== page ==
Hannah also has a song, but it is a gentler sort, borne of gratitude for prayers answered, and pain transformed. We harmonize with her, and we understand that emptiness hurts because it reminds us of who we loved, or for what we still yearn. It reminds us that we are alive.

And then there is Abigail, who carefully crafted words to stand up to violence. She confronted warriors, disarmed them with her tongue, and in doing so protected those who could not protect themselves. So, we think, as we sit with her legacy, whether the words we hurl beget hostility or harmony, compassion, or conflict, and whether, if she were listening in, we would be making her proud.

Huldah the Prophetess took a neglected Torah scroll, dusted it off, and revitalized its ancient words. So, as we prepare to dance around the Torah that has sustained us for thousands of years, we draw from her insight, and shoulder the challenge of revealing our text’s modern resonance.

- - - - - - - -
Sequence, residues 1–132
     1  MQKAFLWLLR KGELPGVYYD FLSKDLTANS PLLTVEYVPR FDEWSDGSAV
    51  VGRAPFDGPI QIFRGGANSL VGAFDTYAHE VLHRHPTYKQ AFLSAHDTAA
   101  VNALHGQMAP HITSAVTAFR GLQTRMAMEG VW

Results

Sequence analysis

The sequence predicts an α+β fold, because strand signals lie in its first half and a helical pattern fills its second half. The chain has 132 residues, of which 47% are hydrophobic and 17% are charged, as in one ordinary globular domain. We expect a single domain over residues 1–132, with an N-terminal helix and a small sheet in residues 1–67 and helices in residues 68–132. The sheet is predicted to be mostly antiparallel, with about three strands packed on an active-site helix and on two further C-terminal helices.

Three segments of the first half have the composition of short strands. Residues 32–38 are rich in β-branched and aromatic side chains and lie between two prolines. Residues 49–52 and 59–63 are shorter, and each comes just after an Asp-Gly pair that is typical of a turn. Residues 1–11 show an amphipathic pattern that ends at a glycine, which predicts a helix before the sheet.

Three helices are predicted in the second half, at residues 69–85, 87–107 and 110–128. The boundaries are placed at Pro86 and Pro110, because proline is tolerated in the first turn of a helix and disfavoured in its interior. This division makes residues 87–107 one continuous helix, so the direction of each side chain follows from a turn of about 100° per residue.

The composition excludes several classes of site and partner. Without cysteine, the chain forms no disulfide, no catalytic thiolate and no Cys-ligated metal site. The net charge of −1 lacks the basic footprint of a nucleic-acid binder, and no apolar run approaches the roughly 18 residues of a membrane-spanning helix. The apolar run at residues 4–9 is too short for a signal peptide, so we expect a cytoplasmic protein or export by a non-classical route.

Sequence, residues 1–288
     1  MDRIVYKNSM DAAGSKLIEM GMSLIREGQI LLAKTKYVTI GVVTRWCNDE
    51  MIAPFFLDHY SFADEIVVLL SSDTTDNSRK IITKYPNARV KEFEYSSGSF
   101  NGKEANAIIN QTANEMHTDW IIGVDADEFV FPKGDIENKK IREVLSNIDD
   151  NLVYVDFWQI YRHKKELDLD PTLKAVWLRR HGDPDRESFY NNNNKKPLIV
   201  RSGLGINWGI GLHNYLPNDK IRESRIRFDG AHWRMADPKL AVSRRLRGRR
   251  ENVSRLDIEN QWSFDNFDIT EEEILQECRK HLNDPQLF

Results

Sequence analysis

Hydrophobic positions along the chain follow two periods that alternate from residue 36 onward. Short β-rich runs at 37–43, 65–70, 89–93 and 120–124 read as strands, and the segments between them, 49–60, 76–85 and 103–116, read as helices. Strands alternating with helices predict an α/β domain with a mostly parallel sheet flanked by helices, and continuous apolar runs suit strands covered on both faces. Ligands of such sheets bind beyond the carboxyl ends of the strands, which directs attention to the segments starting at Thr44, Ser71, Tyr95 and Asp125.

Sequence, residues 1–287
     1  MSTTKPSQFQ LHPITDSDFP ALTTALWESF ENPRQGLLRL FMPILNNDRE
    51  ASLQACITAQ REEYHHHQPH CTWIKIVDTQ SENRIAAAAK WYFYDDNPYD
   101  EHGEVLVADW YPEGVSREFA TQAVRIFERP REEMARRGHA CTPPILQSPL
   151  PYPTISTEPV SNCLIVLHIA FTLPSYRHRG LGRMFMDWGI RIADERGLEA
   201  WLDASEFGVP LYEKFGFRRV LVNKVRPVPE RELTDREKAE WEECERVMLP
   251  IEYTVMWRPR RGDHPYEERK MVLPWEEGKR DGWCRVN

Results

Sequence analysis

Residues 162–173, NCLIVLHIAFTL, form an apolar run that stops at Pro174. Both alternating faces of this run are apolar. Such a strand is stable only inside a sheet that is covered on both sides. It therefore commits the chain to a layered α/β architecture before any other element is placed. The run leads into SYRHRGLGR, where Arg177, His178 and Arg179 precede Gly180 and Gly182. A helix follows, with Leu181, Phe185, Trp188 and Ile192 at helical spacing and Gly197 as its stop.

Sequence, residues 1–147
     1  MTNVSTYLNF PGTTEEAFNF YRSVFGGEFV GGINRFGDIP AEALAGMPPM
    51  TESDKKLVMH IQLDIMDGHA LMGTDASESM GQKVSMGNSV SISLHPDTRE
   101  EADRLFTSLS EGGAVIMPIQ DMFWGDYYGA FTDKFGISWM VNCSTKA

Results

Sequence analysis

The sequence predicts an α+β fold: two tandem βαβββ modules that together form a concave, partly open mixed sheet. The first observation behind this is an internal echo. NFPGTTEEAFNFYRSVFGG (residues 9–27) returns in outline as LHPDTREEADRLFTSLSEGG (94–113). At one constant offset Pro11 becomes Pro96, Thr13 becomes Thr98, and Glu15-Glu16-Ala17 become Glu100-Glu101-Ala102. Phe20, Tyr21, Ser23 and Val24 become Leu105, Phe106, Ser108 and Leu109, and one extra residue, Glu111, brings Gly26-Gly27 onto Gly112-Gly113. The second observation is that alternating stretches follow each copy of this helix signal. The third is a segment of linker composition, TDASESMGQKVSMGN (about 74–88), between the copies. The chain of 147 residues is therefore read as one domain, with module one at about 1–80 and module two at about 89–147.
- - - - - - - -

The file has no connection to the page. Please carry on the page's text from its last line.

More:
And on our last day, we welcome Queen Esther. Because no one knew, more than she, about where personal and national fates collide. We sit in the presence of her memory, and ask whether we know, viscerally, as she did, how badly history needs us to take a stand.

The world we live in is a complicated place. So, as we sit with the ancestors who populate our stories, let us invite them to inspire, and challenge, and to compel us think. Let us sing to their memories, and sing to our future, and to God’s landscape, and the billowing walls of our resilience.

About the Author
Yael Leibowitz has her Master’s degree in Judaic Studies from Columbia University. Prior to making aliyah, Yael taught Tanakh at the Upper School of Ramaz, and then went on to join the Judaic Studies faculty at Yeshiva University’s Stern College for Women. She has taught Continuing Education courses at Drisha Institute for Jewish Education and served as Resident Scholar at the Jewish Center of Manhattan. She is currently teaching at Matan Women’s Institute for Torah Studies, and is a frequent lecturer in North America and the United Kingdom.